LavenderLight's Guide to Crafting

Hi, it's me again- LavenderLight. I'm back with another guide because ~crafting~ was really confusing to me when I started and I know it's confusing to others. And yeah there are YouTube videos but I have a short attention span and want to go smash stuff in ESO so don't want to watch those. And maybe, just maybe... you don't either.

Also, this is a guide purely for the basics. I won't go into Master Writs, or which sets are useful, or Perfect Roe or Aetherial Dust or anything. This is just to help players get started since I was really confused and overwhelmed by crafting when I started.

I'm going to try my best to be clear and keep it simple, but crafting is kind of complicated if you're starting from zero. So please, if you're confused by anything, don't be afraid to reach out to me for help or ask in discord in the #traders-corner channel!

Crafting 101: Overview

Crafting in ESO is... weird because it doesn't level like a normal skill. Yes, you can get it to 50 like Duel Wield or Light Armour, but a character with Level 50 in Blacksmithing is nothing compared to a Master Crafter in Blacksmithing.

(Note, I will use "Master Crafter" to refer to toons that are *actually* maxed out in crafting, not just at Level 50)

Crafting has three things to "level up" - the skill itself, the ranking (technically a skill but I will call it a "ranking") and the traits. To become a Master Crafter, you have to level up all of these.

Crafting 101: The Crafting Menu
First, you should probably learn how to *literally* craft in ESO. Simply approach a station for whatever type of item you want to work with (Blacksmithing for Heavy Armour and Weapons, Woodworking for Staves, Bows, and Shields, ect.) At the top are different tabs for different things. Let's go from Left to Right!

Refine lets you take raw materials and refine them into materials that can be used for crafting. Such as turning ore into ingots, or grains into plating. You can only use refined materials for crafting itself.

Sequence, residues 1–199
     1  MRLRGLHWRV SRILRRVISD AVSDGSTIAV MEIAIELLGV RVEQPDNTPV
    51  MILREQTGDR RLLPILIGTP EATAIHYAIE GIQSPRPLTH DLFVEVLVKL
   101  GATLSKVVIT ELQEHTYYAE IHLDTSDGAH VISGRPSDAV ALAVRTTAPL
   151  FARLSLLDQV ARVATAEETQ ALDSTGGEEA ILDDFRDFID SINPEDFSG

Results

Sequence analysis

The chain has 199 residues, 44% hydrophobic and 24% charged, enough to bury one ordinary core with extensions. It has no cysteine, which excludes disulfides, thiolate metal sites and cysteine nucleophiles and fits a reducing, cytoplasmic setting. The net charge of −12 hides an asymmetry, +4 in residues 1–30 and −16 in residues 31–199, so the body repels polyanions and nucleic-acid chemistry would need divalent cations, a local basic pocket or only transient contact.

Creation is self explanatory. It's where you go to build stuff. Type is what you're making -are you making a Light or Medium chest armour? Are you making an Inferno Staff, or a Lightning Staff? Material is the level quality of what you're making (discussed more below). Is your stuff to help a guild mate who's only level 20? Or are you making stuff for yourself at CP 160? Style is how the item looks. You may have seen "Motifs" while out and about, these add more style options to your menu. And finally, Trait lets you apply a trait to it, such as Training for extra XP or Infused to make an enchantment stronger. You may know these (or can learn them) from stuff you pick up while adventuring.

Deconstruct lets you break down gear and weapons you don't want for XP and materials. Very handy for clearing out your inventory. I strongly recommend not deconstructing stuff until you've learned the trait for it. Which will be discussed more later.

Improvement lets you improve items to get extra juice out of its stats. You may be familiar with the system that "grades" items via color (White > Green > Blue > Purple > Gold) and this tab lets you upgrade your stuff. I would not recommend bothering with it when you're starting out, since you can get skills that make upgrading easier and more efficient later on.

Research let's you break down an item to learn its skill. See "Crafting 101: The Traits" for more info.